With humble beginnings at 4.8%, the PPF interest rate history peaked at 12% between 1986 and 2000. It clocked a steady decline to the present rate. Therefore, it is important not to get too influenced by the peaks in the PPF interest rate history to make investment decisions now. With the overall interest rate scenario tracking lower – in line with economic development and growth – the high rates in the PPF interest rate history are also a thing of the past.

How is the interest on a PPF account balance computed?

Interest is computed at the end of each month on the lowest balance in the account from the close of the 5th day of the month to the last day of the month. However, it is credited to the account and compounded annually at the end of the financial year. This interest rate cycle has been at the root of many a debate on how best to time your investments into your PPF account in order to maximise interest earned, with many advocating for one-time annual investments to be timed to occur before 5th April.

The Positives - what makes the PPF scheme so attractive?

#1 Sovereign guarantee that means your money is safe

The PPF scheme, like the other products offered under the National Savings Schemes of Government of India, comes with a sovereign guarantee and hence, zero risk of default.

#2 Tax benefits are the icing on the cake

First, Section 80C of the Income Tax Act allows investments in PPF (among other eligible investments and expenditures) to be deducted up to a maximum of Rs. 1,50,000. Second, the interest earned on the PPF account is tax free. Third, proceeds on withdrawal are tax free as well. This makes PPF exempt at all levels – at the time of investment, at the time of interest accrued, at the time of redemption.

This makes its return profile superior to bank deposits or other small savings schemes or even debt mutual funds. To see how the new tax regime affects investments in PPF accounts, take a look at our article.

#3 Low minimum investment makes it accessible

A new PPF account can be opened with a minimum initial deposit of just Rs. 500. The minimum investment required to keep your PPF account alive is also just Rs. 500 each financial year. The PPF is therefore very accessible.

#4 Loan against part of the balance in PPF account at attractive rate

At any time after the expiry of 1 year from the end of the year in which the initial subscription was made but before expiry of 5 years from the end of the year in which the initial subscription was made, the account holder may apply for a loan.

This amount can be up to 25% of the balance to the credit of the account at the end of the second year immediately preceding the year in which the loan is applied for. The interest on such a loan is 1% pa (used to be 2% pa under the old scheme) – i.e., you’re charged an interest rate that is 1% above the prevailing PPF interest rate for the balance in the account. 

The principal amount of the loan has to be repaid in 36 months either in installments or in a lump sum failing which, a higher rate of interest will be levied on the principal amount. Only one loan a year is allowed and the account holder cannot take another loan until principal and interest is repaid on the previous loan.

#5 Amount in PPF account cannot be attached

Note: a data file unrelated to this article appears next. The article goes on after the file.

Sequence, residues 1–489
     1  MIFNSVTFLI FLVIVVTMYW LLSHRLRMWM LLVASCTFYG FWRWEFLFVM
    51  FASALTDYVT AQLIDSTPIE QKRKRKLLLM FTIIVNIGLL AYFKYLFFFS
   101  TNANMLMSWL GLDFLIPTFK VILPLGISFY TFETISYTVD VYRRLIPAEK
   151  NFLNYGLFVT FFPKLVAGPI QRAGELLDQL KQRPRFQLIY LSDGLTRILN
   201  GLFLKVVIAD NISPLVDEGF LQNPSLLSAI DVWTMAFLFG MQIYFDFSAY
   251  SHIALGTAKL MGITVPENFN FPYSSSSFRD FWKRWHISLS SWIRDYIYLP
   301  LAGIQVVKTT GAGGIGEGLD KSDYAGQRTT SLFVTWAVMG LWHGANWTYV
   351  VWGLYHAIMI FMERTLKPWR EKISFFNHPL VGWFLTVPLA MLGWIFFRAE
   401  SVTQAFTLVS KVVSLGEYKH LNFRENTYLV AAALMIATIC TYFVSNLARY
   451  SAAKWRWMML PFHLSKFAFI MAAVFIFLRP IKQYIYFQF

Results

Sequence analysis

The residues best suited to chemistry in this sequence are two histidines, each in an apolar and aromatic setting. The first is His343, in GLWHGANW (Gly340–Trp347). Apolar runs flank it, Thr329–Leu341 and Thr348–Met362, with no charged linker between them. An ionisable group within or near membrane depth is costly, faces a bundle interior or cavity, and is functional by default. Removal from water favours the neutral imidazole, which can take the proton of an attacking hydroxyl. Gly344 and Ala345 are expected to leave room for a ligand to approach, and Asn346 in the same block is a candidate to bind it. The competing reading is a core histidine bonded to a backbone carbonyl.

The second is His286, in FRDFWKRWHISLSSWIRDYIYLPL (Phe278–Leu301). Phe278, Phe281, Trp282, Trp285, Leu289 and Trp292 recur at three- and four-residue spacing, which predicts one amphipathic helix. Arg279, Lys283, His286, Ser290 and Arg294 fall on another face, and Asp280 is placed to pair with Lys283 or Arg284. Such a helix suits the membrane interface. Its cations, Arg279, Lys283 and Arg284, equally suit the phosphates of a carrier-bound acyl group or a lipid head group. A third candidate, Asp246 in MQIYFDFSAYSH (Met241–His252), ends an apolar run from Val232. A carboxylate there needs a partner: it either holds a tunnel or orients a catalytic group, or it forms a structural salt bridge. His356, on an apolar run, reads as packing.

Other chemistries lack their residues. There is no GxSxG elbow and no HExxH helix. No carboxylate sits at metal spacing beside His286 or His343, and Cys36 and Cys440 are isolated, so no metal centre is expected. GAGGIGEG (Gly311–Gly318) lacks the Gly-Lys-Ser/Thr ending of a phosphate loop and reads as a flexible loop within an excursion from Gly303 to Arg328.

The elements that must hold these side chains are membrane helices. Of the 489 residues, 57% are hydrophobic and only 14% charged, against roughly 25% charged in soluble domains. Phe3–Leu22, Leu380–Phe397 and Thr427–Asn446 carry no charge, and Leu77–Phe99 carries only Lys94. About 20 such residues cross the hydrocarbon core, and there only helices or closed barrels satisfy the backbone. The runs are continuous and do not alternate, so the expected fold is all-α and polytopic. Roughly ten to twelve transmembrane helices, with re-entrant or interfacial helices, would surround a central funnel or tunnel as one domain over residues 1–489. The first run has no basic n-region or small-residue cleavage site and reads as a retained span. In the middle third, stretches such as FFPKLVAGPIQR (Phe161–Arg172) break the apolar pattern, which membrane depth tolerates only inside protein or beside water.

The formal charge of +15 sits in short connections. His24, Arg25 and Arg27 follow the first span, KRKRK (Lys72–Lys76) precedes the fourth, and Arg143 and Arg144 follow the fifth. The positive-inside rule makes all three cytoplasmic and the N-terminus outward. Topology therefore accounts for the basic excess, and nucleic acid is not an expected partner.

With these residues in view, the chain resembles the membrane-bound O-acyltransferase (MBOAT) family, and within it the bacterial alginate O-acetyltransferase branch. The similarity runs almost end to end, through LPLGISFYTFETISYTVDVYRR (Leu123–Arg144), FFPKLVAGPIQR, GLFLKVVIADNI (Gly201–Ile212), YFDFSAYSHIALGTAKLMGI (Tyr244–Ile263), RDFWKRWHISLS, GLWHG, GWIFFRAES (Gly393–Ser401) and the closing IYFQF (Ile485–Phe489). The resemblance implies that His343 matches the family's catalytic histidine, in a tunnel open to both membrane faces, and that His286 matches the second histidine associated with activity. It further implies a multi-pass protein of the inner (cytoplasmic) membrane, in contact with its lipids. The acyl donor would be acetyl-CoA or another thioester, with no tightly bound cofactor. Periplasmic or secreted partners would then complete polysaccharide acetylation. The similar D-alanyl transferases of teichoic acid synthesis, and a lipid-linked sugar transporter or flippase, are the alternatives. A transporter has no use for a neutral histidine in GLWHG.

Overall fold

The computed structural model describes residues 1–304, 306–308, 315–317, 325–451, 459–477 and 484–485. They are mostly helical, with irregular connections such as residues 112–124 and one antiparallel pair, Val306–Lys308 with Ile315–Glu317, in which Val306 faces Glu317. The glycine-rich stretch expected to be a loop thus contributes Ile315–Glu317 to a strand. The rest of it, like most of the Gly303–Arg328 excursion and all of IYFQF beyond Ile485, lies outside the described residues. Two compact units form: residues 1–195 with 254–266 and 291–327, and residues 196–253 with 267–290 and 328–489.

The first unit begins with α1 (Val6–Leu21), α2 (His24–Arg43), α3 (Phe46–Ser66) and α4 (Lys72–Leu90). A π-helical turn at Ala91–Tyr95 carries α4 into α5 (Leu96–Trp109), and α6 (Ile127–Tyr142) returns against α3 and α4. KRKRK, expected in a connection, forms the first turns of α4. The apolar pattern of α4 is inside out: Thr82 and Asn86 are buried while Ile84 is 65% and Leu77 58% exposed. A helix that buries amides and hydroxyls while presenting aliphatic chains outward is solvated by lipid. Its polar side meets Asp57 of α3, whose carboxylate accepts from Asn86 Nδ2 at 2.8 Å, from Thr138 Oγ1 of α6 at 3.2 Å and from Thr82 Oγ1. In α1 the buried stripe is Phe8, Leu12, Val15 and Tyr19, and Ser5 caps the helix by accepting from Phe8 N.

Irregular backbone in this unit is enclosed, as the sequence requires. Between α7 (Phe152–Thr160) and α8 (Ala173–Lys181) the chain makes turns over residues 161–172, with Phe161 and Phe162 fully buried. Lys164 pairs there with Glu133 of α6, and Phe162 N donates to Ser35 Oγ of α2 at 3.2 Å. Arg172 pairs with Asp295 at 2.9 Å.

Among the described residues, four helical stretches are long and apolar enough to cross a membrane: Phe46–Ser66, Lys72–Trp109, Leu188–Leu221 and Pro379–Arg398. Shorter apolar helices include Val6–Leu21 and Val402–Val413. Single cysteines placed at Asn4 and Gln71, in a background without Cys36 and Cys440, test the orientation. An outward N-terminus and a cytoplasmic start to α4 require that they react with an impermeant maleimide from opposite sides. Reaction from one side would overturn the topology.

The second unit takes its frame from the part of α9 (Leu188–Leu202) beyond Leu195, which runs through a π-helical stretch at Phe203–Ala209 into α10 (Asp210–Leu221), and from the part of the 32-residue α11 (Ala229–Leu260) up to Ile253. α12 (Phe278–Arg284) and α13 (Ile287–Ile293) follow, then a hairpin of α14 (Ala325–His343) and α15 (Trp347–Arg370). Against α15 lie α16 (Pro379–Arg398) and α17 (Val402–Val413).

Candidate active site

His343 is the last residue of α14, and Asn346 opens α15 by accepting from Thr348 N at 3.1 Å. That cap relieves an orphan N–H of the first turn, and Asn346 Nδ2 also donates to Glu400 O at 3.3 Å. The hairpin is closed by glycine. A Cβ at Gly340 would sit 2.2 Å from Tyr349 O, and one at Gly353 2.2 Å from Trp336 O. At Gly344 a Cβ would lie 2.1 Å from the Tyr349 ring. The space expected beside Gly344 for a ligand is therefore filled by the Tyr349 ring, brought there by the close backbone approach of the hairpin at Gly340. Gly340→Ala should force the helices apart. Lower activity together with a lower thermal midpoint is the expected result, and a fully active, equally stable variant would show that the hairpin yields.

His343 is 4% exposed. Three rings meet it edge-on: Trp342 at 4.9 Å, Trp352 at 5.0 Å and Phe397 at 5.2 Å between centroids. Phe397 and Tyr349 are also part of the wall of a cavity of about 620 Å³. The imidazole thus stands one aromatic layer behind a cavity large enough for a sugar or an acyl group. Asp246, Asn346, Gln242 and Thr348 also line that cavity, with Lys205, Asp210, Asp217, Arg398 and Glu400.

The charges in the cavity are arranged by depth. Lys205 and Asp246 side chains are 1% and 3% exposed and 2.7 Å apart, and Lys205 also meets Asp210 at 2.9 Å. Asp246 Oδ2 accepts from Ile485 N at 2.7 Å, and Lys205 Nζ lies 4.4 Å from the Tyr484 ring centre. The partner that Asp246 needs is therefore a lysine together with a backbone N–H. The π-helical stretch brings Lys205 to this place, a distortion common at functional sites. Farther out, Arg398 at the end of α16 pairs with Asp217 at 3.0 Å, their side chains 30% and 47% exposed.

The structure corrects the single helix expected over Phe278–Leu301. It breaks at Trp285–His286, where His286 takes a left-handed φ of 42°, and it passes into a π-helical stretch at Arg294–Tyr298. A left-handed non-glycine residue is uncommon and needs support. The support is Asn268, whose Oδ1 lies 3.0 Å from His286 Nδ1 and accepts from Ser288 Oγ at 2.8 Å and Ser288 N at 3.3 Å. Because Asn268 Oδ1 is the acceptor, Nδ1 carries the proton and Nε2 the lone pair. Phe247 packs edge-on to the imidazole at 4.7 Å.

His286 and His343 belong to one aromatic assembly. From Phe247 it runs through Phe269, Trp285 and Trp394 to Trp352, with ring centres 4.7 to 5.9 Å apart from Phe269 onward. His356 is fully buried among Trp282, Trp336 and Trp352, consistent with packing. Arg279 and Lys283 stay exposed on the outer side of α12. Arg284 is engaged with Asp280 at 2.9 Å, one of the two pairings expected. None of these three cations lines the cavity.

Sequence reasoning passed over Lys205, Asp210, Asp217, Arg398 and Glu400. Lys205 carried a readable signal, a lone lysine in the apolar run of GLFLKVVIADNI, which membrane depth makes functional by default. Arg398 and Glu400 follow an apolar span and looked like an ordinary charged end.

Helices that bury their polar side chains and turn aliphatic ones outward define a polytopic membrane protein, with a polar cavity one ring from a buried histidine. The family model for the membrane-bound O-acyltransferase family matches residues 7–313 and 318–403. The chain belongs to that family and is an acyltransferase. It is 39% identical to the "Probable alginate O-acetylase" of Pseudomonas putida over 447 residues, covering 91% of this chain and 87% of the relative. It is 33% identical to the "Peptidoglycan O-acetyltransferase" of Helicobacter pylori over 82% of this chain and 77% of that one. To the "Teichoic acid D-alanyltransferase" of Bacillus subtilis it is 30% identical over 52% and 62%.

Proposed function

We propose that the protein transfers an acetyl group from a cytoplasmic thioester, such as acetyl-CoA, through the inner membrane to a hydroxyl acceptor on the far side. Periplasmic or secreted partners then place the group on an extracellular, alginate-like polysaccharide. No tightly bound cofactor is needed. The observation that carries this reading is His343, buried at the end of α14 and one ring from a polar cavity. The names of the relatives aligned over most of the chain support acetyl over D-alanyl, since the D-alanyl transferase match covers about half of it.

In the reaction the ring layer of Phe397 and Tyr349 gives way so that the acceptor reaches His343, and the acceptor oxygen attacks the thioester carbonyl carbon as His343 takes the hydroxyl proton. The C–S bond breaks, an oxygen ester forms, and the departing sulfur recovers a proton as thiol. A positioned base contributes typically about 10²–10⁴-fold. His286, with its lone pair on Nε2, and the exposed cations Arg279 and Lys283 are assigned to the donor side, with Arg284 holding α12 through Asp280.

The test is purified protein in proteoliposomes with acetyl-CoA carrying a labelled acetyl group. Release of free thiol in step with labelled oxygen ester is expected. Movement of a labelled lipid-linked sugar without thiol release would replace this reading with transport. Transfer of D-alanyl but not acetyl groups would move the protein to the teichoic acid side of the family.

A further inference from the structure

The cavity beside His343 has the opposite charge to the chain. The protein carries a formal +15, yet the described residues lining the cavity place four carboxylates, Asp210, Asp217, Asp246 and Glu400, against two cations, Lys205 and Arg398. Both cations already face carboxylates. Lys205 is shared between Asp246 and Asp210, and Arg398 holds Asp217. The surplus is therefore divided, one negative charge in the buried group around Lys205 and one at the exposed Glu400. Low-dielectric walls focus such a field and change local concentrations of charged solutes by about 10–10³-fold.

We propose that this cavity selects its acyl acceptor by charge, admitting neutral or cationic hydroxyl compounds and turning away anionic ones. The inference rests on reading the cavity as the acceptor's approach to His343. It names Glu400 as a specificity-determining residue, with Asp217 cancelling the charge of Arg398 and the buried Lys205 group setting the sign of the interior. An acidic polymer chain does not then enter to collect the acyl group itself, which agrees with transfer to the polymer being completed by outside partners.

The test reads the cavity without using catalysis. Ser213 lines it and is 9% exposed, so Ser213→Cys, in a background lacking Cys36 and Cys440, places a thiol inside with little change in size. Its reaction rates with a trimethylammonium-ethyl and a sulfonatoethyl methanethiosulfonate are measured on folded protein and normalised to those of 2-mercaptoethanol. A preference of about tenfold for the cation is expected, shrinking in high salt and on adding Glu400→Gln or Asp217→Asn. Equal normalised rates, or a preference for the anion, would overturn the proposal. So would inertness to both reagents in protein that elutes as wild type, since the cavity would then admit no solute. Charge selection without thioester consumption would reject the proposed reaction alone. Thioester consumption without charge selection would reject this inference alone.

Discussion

The amount standing to your credit in the PPF account cannot be attached for any other dues under any order or decree of a court of law and is therefore, virtually bullet proof.

The drawbacks

#1 Interest fluctuates

Since interest rates are announced quarterly, the interest you will earn is not predictable and rates may be much lower than you expected. The PPF interest rate history chart above shows you how much rates have changed over the years. Relying heavily on these rates could mean lower wealth creation. Current tax benefits for the PPF may also be modified, reducing its sheen.

#2 Limits on liquidity & flexibility

The 15-year maturity makes the scheme illiquid and inflexible. Stringent conditions on partial withdrawals and premature closures make it hard for you to access the amount if you need liquidity. 

A partial withdrawal before maturity can be done any time after the expiry of 5 years from the end of the year in which account was opened, for an amount not exceeding 50% of the balance at the end of the fourth year immediately preceding the year of withdrawal or at the end of the preceding year, whichever is lower. This is allowed only once a year from an account that is not classified as ‘discontinued’.  The account should not also have any outstanding loan against it. 

Premature closure of the account is allowed in special circumstances only - such as requirement for treatment of a life-threatening disease of the account holder or family member, higher education of account holder or dependent children or a change in the residency status of the account holder. However, this too cannot be done before the expiry of 5 years from the end of the year in which the account was opened. 

If you’re using the PPF as the debt portion of your asset-allocated portfolio, you will not be able to rebalance, shift into equity, or change allocations easily. Therefore, attractive benefits and rates in the PPF interest rate history need to be weighed against the absence of liquidity.


The sovereign guarantee and tax benefits make a strong case for investing in the PPF. But limited liquidity and flexibility and a cap on the amount you can invest weigh down the PPF scheme.  

With a horizon of 15 years, the PPF scheme also has to be evaluated against other equity-based investment avenues that offer the possibility of greater returns in a similar time frame. Going by only the previous high rates in the PPF interest rate history may also mean you wait for high returns that may never materialize as rates generally trend lower. 

PPF is therefore a good avenue to invest part of your fixed income investment, earmarking it for retirement. It would also bring in a degree of capital protection to the portfolio. Used along with other debt-oriented and equity-oriented instruments, the PPF would help you build a balanced portfolio that maximises benefits of all available opportunities.